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Sequencing of Newborn Blood Spot DNA to Improve and Expand Newborn Screening

Hastings Investigators: Erik Parens and Josephine Johnston

Principal Investigator: Robert Nussbaum, M.D., University of California, San Francisco;
ELSI Project Director: Barbara Koenig, PhD, University of California, San Francisco

Funder: National Institutes of Health

As the cost of whole genome analysis (WGA) falls, it is expected to become widely available for making diagnoses, risk assessments, and treatment decisions. One possible clinical application of WGA is in newborn screening. Currently, newborn babies are screened for between 29 and 60 conditions (programs vary by state). But WGA would significantly increase the number of conditions screened for, as well as expand the type of information revealed, including the risk of late-onset disorders, incidental information of potential benefit to the health of parents or other family members, findings pertinent to the parents’ reproductive decision-making, and genetic variants whose significance is unknown.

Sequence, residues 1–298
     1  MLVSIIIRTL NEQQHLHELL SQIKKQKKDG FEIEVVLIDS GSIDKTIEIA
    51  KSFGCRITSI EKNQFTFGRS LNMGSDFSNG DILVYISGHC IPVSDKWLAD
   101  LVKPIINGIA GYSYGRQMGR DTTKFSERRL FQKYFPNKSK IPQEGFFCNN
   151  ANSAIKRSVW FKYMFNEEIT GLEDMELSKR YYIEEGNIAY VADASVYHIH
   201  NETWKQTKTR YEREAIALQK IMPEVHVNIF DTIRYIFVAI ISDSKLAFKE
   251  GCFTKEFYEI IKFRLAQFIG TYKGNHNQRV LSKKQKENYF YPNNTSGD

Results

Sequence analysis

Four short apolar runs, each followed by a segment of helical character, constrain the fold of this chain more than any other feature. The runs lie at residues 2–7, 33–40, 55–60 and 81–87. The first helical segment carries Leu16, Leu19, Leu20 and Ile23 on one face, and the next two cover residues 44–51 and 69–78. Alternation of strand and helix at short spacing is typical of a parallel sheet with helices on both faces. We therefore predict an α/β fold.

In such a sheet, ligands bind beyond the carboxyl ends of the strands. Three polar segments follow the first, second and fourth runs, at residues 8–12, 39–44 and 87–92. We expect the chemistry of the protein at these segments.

In order to manage expectations and guide the appropriate adoption of WGA in the newborn screening context, The Hastings Center is working with a team at University of California, San Francisco, to identify and examine the ethical, legal, and social implications of the application of WGA to newborn screening. To illuminate that analysis, the Center is focusing on one likely category of gene variants as a case study: pharmacogenomic predictors of drug response.

The Hastings Center is leading the project’s Ethics and Policy Advisory Board, which is charged with developing and disseminating policy recommendations for expanded newborn screening programs using WGA. The board will accomplish this goal by drawing on relevant literature, as well as empirical and legal research carried out by other members of the project.